Vaccination Priority? Government Officials Should Wait Their Turn | Opinion

For most of the past year, Americans have been asked to sacrifice in the name of public health. To stay home, remote school our children, postpone weddings, skip holidays, and even miss funerals. But we've watched as the same rules didn't seem to apply to those in positions of power.

The White House and Trump campaign repeatedly held large indoor gatherings without social distancing or masks, the president and his staff didn't quarantine after coming in close contact with infected people, and even after becoming infected himself, Trump failed to take recommended steps to protect others. Meanwhile, members of Congress have had shouting matches over masking rules, planned and hosted in-person welcome receptions for new members, and left Americans languishing for months under the financial burdens of the pandemic without reaching agreement on an aid package.

Then came the December 13th announcement that senior officials across all three branches of government were slated to receive COVID-19 vaccinations "pursuant to continuity of government protocols established in executive policy." The details were scarce, but the plan seemed to be for top officials at the White House, Congress, and Supreme Court to get first dibs, just as state and local policymakers and hospital leaders struggle to decide which health care workers and residents of long-term care facilities will be offered the first wave of shots.

The outcry was swift. Here we had yet another brazen display of line-cutting and self-interest at the expense of others, after failing to take basic precautions, seen time and again as Trump and members of his administration have gotten access to COVID-19 treatments unavailable to the vast majority of patients. In a surprising display of good judgment, the president reversed the plan within a few hours, tweeting that "[p]eople working in the White House should receive the vaccine somewhat later in the program, unless specifically necessary."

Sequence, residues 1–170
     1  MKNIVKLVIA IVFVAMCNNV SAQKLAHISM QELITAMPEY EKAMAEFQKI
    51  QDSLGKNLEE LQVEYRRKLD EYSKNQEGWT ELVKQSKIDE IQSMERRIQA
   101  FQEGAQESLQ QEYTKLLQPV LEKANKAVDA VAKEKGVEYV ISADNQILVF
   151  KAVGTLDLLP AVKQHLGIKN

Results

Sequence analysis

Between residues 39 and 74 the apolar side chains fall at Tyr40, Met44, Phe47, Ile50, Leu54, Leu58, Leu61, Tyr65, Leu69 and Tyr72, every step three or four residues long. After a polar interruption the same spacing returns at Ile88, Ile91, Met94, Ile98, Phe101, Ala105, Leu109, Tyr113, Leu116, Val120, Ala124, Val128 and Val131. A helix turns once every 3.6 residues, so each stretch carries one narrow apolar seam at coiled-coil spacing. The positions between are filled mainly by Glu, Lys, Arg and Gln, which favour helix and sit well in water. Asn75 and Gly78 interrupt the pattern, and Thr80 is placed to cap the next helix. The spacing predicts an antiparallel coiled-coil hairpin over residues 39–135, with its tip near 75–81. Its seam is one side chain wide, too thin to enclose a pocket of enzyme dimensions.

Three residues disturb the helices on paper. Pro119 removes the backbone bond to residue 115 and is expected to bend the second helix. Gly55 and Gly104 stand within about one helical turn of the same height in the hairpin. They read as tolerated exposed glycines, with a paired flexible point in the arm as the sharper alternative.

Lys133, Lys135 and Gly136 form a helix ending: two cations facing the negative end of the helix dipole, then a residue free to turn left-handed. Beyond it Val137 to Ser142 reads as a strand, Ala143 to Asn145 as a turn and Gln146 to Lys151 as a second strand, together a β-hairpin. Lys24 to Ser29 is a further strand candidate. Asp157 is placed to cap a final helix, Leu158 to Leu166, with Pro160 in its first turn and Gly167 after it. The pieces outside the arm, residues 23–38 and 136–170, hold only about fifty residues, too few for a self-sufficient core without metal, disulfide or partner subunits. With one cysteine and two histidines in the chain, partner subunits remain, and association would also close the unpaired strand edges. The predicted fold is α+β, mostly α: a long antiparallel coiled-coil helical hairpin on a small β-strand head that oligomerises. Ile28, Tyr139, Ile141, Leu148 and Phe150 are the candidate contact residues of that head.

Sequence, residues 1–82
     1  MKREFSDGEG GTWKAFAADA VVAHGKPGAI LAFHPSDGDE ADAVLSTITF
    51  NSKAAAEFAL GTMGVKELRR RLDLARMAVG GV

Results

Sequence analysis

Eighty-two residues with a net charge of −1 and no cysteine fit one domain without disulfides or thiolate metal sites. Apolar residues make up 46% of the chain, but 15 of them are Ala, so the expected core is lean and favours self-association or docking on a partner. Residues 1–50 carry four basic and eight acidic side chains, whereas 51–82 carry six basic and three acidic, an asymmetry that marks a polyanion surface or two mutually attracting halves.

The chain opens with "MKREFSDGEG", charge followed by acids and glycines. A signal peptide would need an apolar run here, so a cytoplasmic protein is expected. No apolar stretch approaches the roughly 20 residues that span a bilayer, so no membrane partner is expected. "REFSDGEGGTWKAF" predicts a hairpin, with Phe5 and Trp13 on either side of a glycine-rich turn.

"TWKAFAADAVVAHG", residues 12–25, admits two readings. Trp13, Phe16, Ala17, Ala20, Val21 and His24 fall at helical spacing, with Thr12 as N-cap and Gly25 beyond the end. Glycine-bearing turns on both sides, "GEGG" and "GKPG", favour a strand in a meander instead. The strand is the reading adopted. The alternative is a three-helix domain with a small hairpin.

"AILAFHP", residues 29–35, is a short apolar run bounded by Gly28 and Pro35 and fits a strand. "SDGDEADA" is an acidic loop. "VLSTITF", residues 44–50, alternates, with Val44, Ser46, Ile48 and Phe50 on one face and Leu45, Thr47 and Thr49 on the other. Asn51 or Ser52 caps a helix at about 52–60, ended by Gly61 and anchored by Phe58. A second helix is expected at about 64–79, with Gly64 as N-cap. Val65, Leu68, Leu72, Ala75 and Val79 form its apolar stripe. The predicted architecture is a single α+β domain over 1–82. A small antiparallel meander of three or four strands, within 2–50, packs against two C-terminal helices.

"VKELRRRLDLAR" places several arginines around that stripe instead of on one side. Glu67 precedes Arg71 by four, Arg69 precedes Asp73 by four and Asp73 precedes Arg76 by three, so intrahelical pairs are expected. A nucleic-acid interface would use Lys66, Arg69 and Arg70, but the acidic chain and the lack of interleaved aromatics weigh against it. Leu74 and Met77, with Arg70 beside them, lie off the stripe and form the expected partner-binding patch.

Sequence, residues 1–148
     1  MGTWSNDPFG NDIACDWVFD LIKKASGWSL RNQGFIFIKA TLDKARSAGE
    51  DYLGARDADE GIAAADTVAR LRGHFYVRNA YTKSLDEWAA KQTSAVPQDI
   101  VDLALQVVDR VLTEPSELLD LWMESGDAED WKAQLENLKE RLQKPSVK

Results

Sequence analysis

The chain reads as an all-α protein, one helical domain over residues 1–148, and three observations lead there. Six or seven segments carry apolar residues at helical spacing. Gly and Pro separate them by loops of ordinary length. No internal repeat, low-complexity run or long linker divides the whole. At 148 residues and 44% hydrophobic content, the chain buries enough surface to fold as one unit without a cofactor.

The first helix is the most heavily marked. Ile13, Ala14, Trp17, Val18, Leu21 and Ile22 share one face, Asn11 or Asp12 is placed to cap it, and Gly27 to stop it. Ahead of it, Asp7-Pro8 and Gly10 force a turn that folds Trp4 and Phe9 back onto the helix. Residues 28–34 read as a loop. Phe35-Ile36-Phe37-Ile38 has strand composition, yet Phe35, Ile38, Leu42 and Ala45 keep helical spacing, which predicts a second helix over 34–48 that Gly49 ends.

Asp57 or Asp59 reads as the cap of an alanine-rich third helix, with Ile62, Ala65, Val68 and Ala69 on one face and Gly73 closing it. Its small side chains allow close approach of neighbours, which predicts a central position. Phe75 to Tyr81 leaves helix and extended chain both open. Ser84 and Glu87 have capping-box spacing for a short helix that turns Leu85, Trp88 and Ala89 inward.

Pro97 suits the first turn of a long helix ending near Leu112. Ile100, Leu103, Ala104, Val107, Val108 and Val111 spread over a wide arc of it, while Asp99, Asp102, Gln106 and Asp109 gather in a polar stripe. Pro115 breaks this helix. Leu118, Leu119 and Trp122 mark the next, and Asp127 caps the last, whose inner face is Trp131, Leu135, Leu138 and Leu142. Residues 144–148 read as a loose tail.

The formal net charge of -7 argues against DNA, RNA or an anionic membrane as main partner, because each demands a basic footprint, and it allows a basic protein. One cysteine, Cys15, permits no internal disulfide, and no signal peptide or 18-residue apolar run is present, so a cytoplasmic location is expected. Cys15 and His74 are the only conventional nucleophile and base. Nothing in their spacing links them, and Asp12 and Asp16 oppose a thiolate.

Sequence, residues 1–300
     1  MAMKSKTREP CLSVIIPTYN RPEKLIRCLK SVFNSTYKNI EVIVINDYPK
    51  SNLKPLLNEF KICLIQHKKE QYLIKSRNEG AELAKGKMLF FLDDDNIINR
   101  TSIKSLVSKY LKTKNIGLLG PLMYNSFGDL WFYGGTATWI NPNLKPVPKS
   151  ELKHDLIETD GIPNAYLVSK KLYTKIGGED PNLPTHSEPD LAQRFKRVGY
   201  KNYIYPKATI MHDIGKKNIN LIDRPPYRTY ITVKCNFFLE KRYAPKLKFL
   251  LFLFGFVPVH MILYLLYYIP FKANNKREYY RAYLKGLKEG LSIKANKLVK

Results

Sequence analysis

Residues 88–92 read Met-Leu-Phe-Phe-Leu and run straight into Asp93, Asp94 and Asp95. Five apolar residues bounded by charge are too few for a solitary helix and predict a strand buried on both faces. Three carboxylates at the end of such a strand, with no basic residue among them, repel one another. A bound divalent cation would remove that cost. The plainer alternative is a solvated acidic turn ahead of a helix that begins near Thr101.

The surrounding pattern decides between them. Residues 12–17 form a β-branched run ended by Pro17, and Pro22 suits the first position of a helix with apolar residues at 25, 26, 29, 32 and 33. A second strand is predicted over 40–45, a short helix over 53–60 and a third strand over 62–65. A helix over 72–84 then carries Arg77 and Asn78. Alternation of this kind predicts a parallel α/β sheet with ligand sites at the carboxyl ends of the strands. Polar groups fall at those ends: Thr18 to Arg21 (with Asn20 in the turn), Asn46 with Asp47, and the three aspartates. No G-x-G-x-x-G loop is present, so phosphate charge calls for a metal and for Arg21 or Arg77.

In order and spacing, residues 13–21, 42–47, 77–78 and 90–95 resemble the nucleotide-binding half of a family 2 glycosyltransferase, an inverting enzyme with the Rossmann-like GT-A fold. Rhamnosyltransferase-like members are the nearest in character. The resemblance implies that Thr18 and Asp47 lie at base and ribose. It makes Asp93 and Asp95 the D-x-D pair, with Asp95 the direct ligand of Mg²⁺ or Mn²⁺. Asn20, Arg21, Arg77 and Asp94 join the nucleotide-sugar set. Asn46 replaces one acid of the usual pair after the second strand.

Good, but we'll see how long it sticks. So the question stands: should the country's top officials get special access to scarce COVID-19 vaccines? Where should they fall in the queue – and should their irresponsible behaviors bump them down the list?

Various reasons were offered for the initial announcement prioritizing federal officials, including promoting public trust, protecting staffers, and continuing essential government operations. It's true that having trusted, highly visible leaders get their shots publicly to encourage others to get vaccinated could be helpful given the reported numbers of Americans who say they definitely or probably won't do so. Vice President Pence is slated to get his first shot as this piece is posted, although whether he counts as 'highly trusted' depends on who you ask. But in any event, we need only a handful of Washington politicians to play that performative role. Those outside the beltway, from pop stars to local religious and community leaders may be even more critical to this effort. Besides, it goes a long way to see those in power wait their turn.